Delmira Agustini

From Wikipedia, the free encyclopedia
Jump to: navigation, search
Delmira Agustini
Delmira Agustini.jpg
Born (1886-10-24)October 24, 1886
 Uruguay, Montevideo
Died July 6, 1914(1914-07-06) (aged 27)
 Uruguay, Montevideo
Occupation poet, writer
Nationality Uruguayan
Period Modernist
Spouse(s) Enrique Job Reyes

Delmira Agustini (October 24, 1886 – July 6, 1914), a Uruguayan poet, is considered one of the greatest female Latin American poets of the early 20th century.

Background[edit]

Born in Montevideo, the daughter of Italian immigrants, Agustini was a precocious child. In addition to beginning to write poetry when she was 10 years old, she studied French, music and painting.

Writing career[edit]

She wrote for the magazine La Alborada (The Dawn). She formed part of the Generation of 1900, along with Julio Herrera y Reissig, Leopoldo Lugones and Rubén Darío, whom she considered her teacher. Darío compared Agustini to Teresa of Ávila, stating that Agustini was the only woman writer since the saint to express herself as a woman.

She specialized in the topic of female sexuality during a time when the literary world was dominated by men. Agustini's writing style is best classified in the first phase of modernism, with themes based on fantasy and exotic subjects.

Eros, god of love, symbolizes eroticism and is the inspiration to Agustini's poems about carnal pleasures. Eros is the protagonist in many of Agustini's literary works. She even dedicated her third book to him titled Los Cálices Vacíos (Empty Chalices) in 1913, which was acclaimed as her entrance into to a new literary movement, "La Vanguardia" (The Vanguard).

Agustini was blue eyed, with light skin and a slender figure. Some might have testified that she looked like an innocent angel. The daughter of a distinguished family, Agustini had all that she needed and was at the same time indulged. This unconditional and overbearing love led her to themes of submission and charm as well as spiritualized erotic imagery.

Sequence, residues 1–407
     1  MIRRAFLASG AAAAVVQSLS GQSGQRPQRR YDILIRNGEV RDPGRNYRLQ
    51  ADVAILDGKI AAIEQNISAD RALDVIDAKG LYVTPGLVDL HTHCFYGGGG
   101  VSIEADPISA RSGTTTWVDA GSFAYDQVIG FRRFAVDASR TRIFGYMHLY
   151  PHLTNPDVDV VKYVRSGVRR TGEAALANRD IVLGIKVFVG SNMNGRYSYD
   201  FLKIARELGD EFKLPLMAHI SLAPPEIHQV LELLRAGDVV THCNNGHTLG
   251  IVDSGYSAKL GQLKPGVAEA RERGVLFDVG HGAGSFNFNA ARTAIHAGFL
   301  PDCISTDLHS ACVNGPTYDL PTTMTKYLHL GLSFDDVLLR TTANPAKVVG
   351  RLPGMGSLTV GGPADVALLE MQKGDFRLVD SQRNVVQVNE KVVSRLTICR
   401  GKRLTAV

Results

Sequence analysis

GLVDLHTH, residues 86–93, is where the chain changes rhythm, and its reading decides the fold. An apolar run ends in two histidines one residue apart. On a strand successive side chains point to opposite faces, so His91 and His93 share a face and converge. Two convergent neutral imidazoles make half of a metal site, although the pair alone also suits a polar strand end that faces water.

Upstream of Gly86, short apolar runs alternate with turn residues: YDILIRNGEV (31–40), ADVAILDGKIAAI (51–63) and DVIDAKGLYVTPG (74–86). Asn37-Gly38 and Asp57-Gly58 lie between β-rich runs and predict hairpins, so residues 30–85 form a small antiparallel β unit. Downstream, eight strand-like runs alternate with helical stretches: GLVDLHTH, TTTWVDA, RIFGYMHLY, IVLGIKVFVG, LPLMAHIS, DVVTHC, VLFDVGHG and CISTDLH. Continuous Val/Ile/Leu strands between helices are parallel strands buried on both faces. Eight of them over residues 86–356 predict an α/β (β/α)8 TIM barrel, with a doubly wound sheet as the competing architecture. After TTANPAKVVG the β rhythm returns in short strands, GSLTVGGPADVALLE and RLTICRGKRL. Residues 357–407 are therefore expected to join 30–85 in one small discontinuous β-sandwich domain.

Personal life and death[edit]

She married Enrique Job Reyes on August 14, 1913 but left him a month later. Their divorce was finalized on June 5, 1914. A month after that, Reyes fatally shot Agustini twice in the head and afterwards committed suicide. She died in her house in Montevideo, Uruguay.

She is buried in the Central Cemetery of Montevideo.

Bibliography[edit]

Each year links to its corresponding "[year] in poetry" article:

  • 1907: El libro blanco[1]
  • 1910: Cantos de la mañana[1]
  • 1913: Los cálices vacíos, pórtico de Rubén Darío[1]
  • 1924: Obras completas ("Complete Works"): Volume 1, El rosario de Eros; Volume 2: Los astros del abismo, posthumously published (died 1914), Montevideo, Uruguay: Máximo García[1]
  • 1944: Poesías, prologue by Luisa Luisi (Motevideo, Claudio García & Co.[1]
  • 1971: Poesías completas, prólogue and notes by Manuel Alvar, Barcelona: Editorial Labor[1]

Notes[edit]

  1. ^ a b c d e f Web page titled "Delmira Agustini" at the Universitat Jaume's "Modernismo en España e Hispanoamérica" website, retrieved September 1, 2011

External links[edit]

See also...
Commons-logo.svg Media at Wikimedia Commons
Wikisource-logo.svg Works at Wikisource
Works at Cervantes Virtual

.